Fashion and textile is one of the most polluting industries in the world. Every stage of the fashion and textile supply chain threatens our planet and resources [1
]. For example, more than 20,000 L of water are consumed to produce one kg of cotton, many chemicals are used in manufacturing fabric for dyeing and finishing processes, and large amounts of carbon dioxide are emitted to produce one t-shirt [2
]. Consumers are aware of the importance of sustainability and are willing to purchase sustainable fashion products even though they are more expensive than conventional ones [3
Sustainable fashion is developed through an eco-design approach. Eco-design is defined as a variety of design aspects that relate to a product’s environmental impacts [4
]. Eco-design is an important part of sustainable supply chains and significantly influences the entire supply chain processes, including eco-material selection, process design, production, distribution, and retail [1
]. With the increasing awareness of sustainability, many fashion brands such as Nike, Adidas, and The North Face have incorporated eco-design elements into new products [8
]. The global outdoor sportswear brand Patagonia develops its sustainable product line by using eco-friendly materials such as recycled down, organic cotton and traceable down [9
]. Earlier studies have indicated that design processes influence decision-making in the fashion supply chain; as a result, eco-design is critically important for sustainable supply chains [10
]. However, literature that examines the impact of eco-design on product line development is rare.
In this paper, we conducted a product line analysis for eco-designed products. Our aim was to explore the impact of eco-design on product line development. We collected product line data from a famous outdoor sportswear brand, Patagonia. Patagonia is an American outdoor sports brand founded in 1973 that mainly sells sustainable outdoor clothing. Patagonia enjoys a great reputation for selling sustainable fashion products [9
]. Learning the practices of Patagonia is beneficial for providing managerial insights to other fashion firms and supplementing the theories of sustainability in terms of eco-design. In this paper, we attempted to answer the following questions:
How does eco-material usage influence design elements such as product weight, product fit, pattern design and color choices?
How do sustainable fashion firms manage eco-design in the supply chain?
How will online consumers evaluate eco-design?
To address these questions, we collected the in-season product line data from Patagonia’s official website. We analyzed data through descriptive analysis, factor analysis and correlation analysis to identify patterns regarding product weight, product fit, pattern design, color choices and online consumers’ opinions in relation to fashion eco-design. The organization of the rest of this paper is given as follows. We first show the related literature in Section 2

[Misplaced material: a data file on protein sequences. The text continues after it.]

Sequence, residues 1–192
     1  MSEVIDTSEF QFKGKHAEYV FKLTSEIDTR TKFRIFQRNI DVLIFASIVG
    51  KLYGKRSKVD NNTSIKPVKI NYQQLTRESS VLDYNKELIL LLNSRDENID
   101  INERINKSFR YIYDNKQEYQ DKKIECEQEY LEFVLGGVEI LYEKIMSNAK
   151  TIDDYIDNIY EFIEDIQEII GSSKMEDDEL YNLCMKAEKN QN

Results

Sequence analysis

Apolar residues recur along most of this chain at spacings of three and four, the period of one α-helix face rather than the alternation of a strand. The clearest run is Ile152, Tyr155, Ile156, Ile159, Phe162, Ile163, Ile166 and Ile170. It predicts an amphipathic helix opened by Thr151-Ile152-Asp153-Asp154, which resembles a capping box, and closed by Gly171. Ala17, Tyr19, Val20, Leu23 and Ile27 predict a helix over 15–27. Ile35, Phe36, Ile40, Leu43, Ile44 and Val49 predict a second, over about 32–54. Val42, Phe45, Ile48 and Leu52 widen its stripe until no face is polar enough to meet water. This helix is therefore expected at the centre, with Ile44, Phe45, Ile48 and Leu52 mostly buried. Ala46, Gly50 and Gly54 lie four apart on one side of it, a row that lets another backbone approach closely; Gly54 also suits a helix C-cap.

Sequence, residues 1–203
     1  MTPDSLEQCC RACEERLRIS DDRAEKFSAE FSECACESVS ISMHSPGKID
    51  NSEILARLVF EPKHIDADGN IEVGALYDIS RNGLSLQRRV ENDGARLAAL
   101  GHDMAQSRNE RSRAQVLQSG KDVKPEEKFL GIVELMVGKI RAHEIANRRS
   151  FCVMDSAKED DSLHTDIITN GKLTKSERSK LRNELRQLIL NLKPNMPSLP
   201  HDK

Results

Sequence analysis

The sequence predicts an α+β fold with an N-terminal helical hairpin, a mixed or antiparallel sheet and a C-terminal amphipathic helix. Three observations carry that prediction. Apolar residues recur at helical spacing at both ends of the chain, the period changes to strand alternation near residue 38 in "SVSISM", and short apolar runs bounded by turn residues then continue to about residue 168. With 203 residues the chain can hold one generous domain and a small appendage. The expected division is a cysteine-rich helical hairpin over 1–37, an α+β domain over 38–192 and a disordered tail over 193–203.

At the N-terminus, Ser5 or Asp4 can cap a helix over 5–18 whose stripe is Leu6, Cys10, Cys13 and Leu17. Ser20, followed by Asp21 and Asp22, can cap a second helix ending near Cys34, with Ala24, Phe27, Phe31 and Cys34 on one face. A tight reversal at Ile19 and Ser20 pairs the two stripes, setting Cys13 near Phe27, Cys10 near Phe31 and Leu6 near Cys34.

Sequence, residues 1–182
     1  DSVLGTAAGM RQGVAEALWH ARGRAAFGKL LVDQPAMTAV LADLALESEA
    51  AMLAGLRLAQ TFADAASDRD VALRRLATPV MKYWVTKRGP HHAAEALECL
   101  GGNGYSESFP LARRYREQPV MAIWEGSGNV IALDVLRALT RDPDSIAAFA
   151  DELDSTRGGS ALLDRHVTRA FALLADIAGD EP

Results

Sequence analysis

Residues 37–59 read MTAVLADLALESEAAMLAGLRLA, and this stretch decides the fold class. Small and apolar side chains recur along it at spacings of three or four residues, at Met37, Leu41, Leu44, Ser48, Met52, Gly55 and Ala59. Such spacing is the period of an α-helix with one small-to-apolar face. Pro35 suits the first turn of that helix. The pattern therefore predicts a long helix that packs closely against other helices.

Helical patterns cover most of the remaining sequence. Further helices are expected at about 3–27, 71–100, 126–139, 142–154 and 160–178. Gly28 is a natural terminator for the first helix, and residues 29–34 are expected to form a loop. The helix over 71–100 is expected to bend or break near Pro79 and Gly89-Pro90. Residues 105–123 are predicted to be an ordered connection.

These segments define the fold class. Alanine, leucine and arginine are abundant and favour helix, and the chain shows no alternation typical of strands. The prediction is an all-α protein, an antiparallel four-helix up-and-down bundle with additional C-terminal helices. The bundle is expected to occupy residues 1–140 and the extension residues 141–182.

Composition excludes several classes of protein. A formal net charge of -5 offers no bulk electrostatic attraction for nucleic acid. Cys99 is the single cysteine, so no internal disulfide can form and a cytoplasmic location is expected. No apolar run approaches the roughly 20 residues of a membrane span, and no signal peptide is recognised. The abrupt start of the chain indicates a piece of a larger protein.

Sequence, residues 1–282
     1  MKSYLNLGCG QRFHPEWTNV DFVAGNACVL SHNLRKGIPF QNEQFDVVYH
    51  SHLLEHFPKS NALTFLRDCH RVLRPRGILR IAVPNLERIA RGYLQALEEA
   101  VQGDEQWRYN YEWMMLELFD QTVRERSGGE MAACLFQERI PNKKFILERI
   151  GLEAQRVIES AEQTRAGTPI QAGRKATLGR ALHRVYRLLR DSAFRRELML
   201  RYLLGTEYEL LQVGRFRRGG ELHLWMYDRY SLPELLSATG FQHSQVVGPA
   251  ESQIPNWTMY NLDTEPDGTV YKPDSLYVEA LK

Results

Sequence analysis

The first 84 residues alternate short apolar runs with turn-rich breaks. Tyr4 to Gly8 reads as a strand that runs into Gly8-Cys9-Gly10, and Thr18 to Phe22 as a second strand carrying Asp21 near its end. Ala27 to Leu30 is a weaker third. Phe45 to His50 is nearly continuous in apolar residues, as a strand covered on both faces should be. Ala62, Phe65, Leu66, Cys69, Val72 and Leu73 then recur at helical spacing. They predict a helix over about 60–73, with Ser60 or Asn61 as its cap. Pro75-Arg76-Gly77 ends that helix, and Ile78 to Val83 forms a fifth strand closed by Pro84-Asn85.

; Section 3
describes research methods; Section 4
summarizes our results; Section 5
discusses managerial insights; and Section 6
concludes the paper through providing limitation and future research.
Based on the collected data, it is found that six types of eco-materials (i.e., organic cotton, recycled cotton, recycled nylon, recycled polyester, recycled down, and traceable down) are used at Patagonia. The outcome of selected eco-material is consistent with Patagonia’s mission, i.e., reducing the environment impact in the material selection stage [9
]. Eco-material selection is the beginning of the sustainable supply chain management [16
]. Designers select eco-materials to convey the design philosophy and optimize the consumers’ sustainable, aesthetic and functional needs.
shows the descriptive analysis results in terms of the number of eco-materials used in both menswear and womenswear at Patagonia. It indicates that the eco-materials include organic materials, recycled materials and traceable materials. Recycled polyester is the most widely used for both menswear and womenswear development (29.0% and 19.5%, respectively), followed by organic cotton (19.5% and 15.1%, respectively), and recycled nylon (5.6% and 3.1%, respectively) at Patagonia. Recycled polyester can be easily re-melted or reshaped in order to make new products [43
], rendering it a popular choice in new product development [52
From Table 1
, it shows that Patagonia has frequently used organic cotton in its product line. As a matter of fact, the quality of organic cotton is equal to or even better than conventional cotton [9
]. Organic cotton is cultivated without harmful chemicals and the farming methods used to produce it support biodiversity and healthy ecosystems, which can enhance soil quality and reduce water usage [1
]. Sustainable fashion designers use organic cotton based on the style and characteristic of the apparel. As organic cotton is soft and healthy, sustainable fashion designers apply this material to products that directly adhere to the skin (e.g., hoodies and shirts) [20
Recycled materials in Patagonia’s product line include recycled polyester, nylon, cotton, and down. The collection line of jackets, vests, and pants is not 100% made from recycled materials, but it is close [53
]. Recycled polyester is the most used material at Patagonia (as shown in Table 1
). Based on the information on recycled polyester on the Patagonia website, soda bottles, unusable manufacturing waste and worn-out garments are used in producing recycled polyester. Recycled polyester is used to develop shell jackets, board shorts and fleeces. Using recycled polyester helps prolong landfill life and reduce toxic emission from incinerators. It is beneficial to build up a more sustainable ecosystem.